1. I’ve both seen and written about this film. I find it very intriguing how Hitchcock toys with us – without quite saying so, the implication is that voyeurism is just a fancy word for snooping. And if you want people to respect your privacy, then you should respect the privacy of others.

    Yet – we cannot look away. The more Stewart’s Jeff looks into his neighbor’s lives, the stronger is the pull for we viewers.

    Which is simply as you described in your excellent review, it unparalleled movie making. In my own review – I believe I stated that sales of binoculars and zoom lenses for cameras took off after this film came out.

    The point being that despite the negativity that surrounds the words voyeur or voyeurism, for most of us, if the opportunity presents itself , it is hard to resist.


    • Well put. His “snooping” is something we humans frown upon, yet it’s such a compelling temptation to do. Something we know to be wrong, yet deep down we know we can’t resist.

      P.S. Why doesn’t anyone draw the drapes at that complex? Ha ha.

      Liked by 1 person

  2. Immensely looking forward to my first time watching this. I believe it’s somewhere fairly high in my Netflix queue, I might have to bump it a couple spots higher since you rate it so highly. I do love me some James Stewart.


  3. lukasfilm Says:

    Good review. Heard this got a theatrical release, but couldn’t find it near me. One of my favorites from Hitchcock.


  4. My favourite Hitchcock. Great to see this pop up on my reader. Thank you!


  5. Nice review. This is my favorite Hitchcock movie (though I’d say his best is Vertigo). Really shows what Hitchcock could do with a film with one setting.


    • No other director has made such an extraordinary number of classics: The 39 Steps (1935), The Lady Vanishes (1938), Rebecca (1940), Shadow of a Doubt (1943), Spellbound (1945), Notorious (1946), Rope (1948), Strangers on a Train (1951), Dial M for Murder (1954), Rear Window (1954), To Catch a Thief (1955), The Man Who Knew Too Much (1956), Vertigo (1958), North by Northwest(1959), Psycho (1960), The Birds (1963).

      Those are the 16 most often mentioned. Hitchcock actually directed over 50 films. There are so many others.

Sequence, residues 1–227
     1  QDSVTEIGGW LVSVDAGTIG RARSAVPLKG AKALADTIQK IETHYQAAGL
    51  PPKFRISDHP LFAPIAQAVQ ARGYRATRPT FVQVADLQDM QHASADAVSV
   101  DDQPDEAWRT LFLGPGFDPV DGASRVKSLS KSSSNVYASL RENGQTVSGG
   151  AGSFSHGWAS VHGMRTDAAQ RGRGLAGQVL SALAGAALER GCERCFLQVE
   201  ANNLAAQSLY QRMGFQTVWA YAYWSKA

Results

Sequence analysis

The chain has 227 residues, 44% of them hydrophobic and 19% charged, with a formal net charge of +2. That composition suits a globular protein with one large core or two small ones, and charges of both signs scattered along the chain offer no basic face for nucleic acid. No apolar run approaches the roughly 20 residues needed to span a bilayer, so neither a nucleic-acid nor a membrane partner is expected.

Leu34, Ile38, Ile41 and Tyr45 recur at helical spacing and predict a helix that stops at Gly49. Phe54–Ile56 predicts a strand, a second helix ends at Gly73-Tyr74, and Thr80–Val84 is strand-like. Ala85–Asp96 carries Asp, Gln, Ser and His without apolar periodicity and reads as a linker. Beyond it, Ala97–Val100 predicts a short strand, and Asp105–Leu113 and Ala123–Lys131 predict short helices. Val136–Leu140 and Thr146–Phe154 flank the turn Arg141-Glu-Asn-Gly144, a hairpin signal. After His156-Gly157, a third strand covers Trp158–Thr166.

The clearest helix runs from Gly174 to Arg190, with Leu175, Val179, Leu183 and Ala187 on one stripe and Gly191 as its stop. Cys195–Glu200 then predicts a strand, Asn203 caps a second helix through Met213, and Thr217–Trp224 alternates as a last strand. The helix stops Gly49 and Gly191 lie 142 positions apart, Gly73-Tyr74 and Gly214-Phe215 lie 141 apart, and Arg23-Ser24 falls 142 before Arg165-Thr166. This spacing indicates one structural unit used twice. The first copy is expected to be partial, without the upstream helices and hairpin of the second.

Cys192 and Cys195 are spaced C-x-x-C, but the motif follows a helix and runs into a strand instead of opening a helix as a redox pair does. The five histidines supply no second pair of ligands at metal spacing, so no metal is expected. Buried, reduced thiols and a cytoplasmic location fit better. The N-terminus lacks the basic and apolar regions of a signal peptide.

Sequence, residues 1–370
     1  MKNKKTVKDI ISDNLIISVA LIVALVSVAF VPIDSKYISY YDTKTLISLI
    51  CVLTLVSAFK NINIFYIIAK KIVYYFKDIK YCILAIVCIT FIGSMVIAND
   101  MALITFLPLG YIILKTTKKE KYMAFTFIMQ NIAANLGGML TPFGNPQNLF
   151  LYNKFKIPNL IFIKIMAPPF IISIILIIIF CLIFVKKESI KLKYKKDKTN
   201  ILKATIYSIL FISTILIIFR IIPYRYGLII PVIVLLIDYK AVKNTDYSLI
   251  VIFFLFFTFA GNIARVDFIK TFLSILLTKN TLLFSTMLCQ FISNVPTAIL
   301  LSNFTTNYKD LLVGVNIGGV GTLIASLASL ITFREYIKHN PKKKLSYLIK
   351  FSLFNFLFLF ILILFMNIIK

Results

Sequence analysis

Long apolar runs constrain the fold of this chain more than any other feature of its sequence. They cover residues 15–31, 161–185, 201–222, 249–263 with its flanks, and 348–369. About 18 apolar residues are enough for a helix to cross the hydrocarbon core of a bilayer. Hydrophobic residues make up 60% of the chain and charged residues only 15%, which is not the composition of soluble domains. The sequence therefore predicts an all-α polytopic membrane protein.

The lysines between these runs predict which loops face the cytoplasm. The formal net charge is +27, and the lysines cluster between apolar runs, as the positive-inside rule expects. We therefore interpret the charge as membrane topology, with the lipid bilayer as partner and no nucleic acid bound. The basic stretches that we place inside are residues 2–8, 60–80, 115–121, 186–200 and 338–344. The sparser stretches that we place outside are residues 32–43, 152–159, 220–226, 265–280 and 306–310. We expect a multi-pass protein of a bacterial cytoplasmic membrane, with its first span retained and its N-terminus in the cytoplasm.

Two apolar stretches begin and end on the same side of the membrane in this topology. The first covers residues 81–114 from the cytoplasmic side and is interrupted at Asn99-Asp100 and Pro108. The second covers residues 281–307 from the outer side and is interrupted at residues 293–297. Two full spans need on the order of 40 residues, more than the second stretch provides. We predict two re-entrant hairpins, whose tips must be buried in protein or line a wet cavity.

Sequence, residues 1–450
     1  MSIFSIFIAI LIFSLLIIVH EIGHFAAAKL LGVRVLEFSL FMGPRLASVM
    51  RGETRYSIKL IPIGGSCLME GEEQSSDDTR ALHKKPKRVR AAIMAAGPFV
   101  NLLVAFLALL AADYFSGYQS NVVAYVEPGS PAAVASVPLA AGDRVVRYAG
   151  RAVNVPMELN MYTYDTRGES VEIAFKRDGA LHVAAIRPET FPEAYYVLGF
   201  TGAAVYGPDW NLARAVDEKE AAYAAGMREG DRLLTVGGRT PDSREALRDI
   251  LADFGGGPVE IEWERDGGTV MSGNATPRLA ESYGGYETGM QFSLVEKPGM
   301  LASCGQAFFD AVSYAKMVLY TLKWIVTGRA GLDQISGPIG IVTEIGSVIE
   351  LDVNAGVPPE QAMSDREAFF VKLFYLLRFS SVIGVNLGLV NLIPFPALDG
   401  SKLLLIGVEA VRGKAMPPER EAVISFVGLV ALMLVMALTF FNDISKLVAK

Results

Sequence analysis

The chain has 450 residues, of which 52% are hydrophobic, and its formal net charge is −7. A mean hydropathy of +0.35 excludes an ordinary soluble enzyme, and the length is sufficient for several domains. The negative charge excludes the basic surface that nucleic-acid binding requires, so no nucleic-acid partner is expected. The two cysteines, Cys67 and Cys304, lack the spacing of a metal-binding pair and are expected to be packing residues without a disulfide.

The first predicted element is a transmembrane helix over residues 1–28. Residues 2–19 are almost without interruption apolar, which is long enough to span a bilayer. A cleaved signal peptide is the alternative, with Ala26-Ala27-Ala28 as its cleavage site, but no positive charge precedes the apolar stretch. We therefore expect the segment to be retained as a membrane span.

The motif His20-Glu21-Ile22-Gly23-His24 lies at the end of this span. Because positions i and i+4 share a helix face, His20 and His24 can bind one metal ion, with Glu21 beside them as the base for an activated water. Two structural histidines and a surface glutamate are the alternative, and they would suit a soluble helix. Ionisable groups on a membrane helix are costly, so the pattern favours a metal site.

6. Gregory Skala Says:

    Another choice review, in my opinion. Mark. Your description of this film resonates in my mind with Blow Up, which I saw more than 45 years ago and relly liked.

    Cheers, Greg



  7. GaryGreg828 Says:

    (in Lloyd Christmas voice) Hey Har, I’ve heard a lot of good things about this “Rear Window” movie. I think it was inspired by “Disturbia”.


    • Did you just find a way to reference Dumb & Dumber in a review for Rear Window? That’s awesome! 😀


      • GaryGreg828 Says:

        Yeah, in the same vein from the original when Lloyd said in the diner that “The Monkees” were a major influence on “The Beatles”. LOL! It’s those subtle little “dumb” comments that make it the funniest comedy of all time.

        Welp…see ya’ later!


  8. This is basically irrelevant to what you wrote but kind of interesting maybe, suggested by the cast of Rear Window.

    Jimmy Stewart and Grace Kelly were two of Hitchcock’s favorites. As you may recall, Stewart made four Hitchcock films: Rope, Rear Window, Vertigo and The Man Who Knew Too Much. Cary Grant also made four: Suspicion, Notorious, To Catch a Thief and North by Northwest. Grace Kelly starred opposite Stewart in Rear Window and Grant in To Catch a Thief, and was also in Dial M for Murder. Interesting to speculate which of the actors came away best in their collaborations.

    Also, relative to Hithcock’s leading ladies, you might get a smile out of:


  9. I recently saw this movie for the first time. I think it’s one of Alfred’s greats! I loved it. I saw Disturbia before this one, but this was by far, superior. 5 stars


  10. Never seen this classic, but I feel like I have to remedy that, especially after reading your review.